TCB: Swordlessness

I’ve talked about this before, but it’s impressing me anew: in comparison to other DRODs, it’s striking how much of The City Beneath is spent without using your sword. It’s not just the time you take exploring the city proper, where you’re forced to keep your sword in its sheath lest it be devoured by oremites. It’s also the way that the new game elements provide other things for the puzzles to be about. Take the rafts and floating platforms, which are really the same thing in two different contexts. A raft or floating platform is a contiguous group of floor tiles that move under your control when you’re on them, provided that there’s nothing in the way. 1That’s a bit of a simplification, but I’ll spare you the details. Once that’s in the level designer’s toolkit, they can use it to make polyomino assembly puzzles that you solve from the inside. You don’t need a sword for that.

In a weird way, it reminds me of Portal 2. There was reportedly a point in the development of Portal 2 when the developers were seriously contemplating leaving the portal gun out, because they had a number of other novel mechanisms to replace it with, such as magic paint. But they wound up including the portal gun as the means by which you interact with the other novel mechanisms. TCB sort of does it the other way around: using your sword is the goal, the thing that the other puzzle-solving is done in service of. But then, the game also introduces new ways to kill things without using your sword, such as leading them onto hot tiles, or knocking out the supports of a bridge, or letting them step on your raft and then pulling it out from under them.

I mentioned oremites. When you first learn about the city’s oremite infestation, it seems like they’re nothing more than a tongue-in-cheek in-game excuse for the narrative decision to keep Beethro from killing important NPCs. But fairly late in the game, there’s a level called “Oremite Breeding Grounds”. Here, most of the floor is covered with oremite nests, except for a few tiles — and consequently, those are the only tiles where you can draw your sword. The puzzles are thus all about getting monsters over to the places where you can kill them, with enough time to turn to face the right way once you get there. I just love how it turns what seemed like a throwaway joke into a mechanic that produces puzzles, and I especially love how long it waits between introducing the concept of oremites and paying it off in this way.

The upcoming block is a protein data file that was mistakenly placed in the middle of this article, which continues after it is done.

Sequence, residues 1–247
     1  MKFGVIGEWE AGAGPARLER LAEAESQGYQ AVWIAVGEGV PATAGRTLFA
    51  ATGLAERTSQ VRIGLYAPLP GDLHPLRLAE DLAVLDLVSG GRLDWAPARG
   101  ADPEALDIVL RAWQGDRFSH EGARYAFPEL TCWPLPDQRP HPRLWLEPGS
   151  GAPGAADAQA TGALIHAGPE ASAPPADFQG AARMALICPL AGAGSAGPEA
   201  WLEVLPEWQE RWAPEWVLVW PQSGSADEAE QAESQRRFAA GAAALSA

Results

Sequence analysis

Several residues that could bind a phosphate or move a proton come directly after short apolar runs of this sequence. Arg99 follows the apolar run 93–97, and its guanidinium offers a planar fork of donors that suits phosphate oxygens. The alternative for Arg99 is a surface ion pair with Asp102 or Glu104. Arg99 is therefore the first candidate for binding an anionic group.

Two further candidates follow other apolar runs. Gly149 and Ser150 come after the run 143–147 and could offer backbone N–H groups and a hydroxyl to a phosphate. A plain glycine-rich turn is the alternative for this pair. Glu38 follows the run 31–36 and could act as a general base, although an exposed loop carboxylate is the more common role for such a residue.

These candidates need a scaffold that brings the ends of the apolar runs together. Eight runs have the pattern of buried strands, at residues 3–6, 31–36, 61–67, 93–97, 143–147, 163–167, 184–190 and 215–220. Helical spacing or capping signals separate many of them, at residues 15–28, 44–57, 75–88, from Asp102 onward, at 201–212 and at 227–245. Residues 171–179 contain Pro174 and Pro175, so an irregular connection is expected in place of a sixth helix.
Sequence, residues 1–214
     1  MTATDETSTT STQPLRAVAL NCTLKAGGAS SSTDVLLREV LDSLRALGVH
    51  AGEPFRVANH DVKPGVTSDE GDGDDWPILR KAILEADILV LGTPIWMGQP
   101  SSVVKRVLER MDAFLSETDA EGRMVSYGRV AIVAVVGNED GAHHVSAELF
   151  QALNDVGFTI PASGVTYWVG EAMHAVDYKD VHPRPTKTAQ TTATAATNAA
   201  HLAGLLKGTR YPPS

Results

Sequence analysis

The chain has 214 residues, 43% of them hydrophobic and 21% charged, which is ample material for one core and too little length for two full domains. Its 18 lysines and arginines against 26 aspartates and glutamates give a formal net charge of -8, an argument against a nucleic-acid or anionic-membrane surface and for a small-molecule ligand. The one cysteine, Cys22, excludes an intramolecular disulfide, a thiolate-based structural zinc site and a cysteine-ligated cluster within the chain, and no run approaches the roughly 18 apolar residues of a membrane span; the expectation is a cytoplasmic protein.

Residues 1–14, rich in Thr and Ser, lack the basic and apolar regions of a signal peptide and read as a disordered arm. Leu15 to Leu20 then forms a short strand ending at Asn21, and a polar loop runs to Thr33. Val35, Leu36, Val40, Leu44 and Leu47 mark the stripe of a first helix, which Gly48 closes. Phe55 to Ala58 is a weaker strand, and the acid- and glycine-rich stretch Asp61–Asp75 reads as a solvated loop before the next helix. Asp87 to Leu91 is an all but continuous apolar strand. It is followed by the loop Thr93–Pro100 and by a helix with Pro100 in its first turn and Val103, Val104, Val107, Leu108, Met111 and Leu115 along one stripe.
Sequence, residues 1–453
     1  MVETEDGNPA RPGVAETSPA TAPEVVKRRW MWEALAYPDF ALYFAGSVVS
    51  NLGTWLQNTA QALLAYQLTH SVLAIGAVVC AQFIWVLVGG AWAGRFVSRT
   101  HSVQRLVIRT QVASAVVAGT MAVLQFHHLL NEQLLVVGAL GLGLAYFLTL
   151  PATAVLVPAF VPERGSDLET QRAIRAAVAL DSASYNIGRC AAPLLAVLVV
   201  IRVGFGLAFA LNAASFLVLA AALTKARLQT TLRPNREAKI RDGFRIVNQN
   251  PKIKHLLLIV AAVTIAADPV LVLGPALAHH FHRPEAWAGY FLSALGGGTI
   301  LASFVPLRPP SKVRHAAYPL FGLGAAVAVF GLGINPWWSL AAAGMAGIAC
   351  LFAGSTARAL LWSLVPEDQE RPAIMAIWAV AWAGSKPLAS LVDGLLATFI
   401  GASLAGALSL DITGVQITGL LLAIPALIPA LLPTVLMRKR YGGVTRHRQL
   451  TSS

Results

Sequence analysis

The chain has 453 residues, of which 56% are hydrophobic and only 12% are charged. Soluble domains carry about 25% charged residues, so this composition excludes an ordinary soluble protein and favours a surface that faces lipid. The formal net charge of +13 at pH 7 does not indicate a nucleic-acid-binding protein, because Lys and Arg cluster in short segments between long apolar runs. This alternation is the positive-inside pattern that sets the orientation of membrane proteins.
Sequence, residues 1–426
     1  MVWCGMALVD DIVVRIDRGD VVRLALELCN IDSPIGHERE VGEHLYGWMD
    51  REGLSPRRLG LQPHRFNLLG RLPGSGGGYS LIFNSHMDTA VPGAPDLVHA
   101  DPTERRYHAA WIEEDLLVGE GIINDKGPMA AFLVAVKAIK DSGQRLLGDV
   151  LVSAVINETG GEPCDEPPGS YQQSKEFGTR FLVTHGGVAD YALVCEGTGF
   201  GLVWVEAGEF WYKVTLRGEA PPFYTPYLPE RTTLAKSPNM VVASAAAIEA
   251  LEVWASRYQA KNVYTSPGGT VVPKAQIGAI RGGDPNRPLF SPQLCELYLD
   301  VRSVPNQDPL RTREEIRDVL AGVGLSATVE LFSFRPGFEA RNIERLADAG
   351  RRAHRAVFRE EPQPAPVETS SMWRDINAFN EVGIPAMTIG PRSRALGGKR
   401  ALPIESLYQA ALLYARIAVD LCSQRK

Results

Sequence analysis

I mentioned the sequence where you play as the Negotiator, who doesn’t even have a weapon, and has to kill monsters by controlling Fegundos. There’s a second such interlude where you control a goblin, who doesn’t have a sword, but who’s capable of killing things anyway (as we know from the puzzles where Beethro fights goblins). This is the sequence that introduces Aumtliches, the Empire’s latest vat-grown weapon of war. An Aumtlich’s eyes emit glowing, sparking beams that paralyze you if they touch you, leaving you able to turn in place but not able to flee. There’s a sense of powerlessness there that’s worse than simply being killed outright, and the player learns to fear the sound effect that accompanies getting stuck in the beams. And it all leads up to the moment when you get Beethro back, and have a sword again. To emphasize the importance of this, Beethro has to surrender his sword to be allowed into a military encampment just before the goblin sequence, and it’s only returned after that’s over. It’s important because, as we soon discover, your sword can block Aumtlich beams, or even reflect them back. You can still get stuck without recourse, but only if you stand in a place where two beams cross, so that you can’t block them both at once. Even so, being able to block them at all feels like a superpower after experiencing helplessness as a goblin. At first, I took care to orient my sword correctly before stepping into a beam, just to avoid the scary noise it would trigger otherwise. But the game gradually makes this impossible, and after a while, you learn to not let it bother you.

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1. That’s a bit of a simplification, but I’ll spare you the details.

1 Comment so far

  1. Merus on 26 Jul 2017

    The secret origins behind the aumtlich’s name: it means ‘bureaucrat’. It’s very, very close to ‘amtlich’, which is a German word.

    It tickled me that this was the Empire’s idea of the perfect bureaucrat: a creature that could hold you with a glance.

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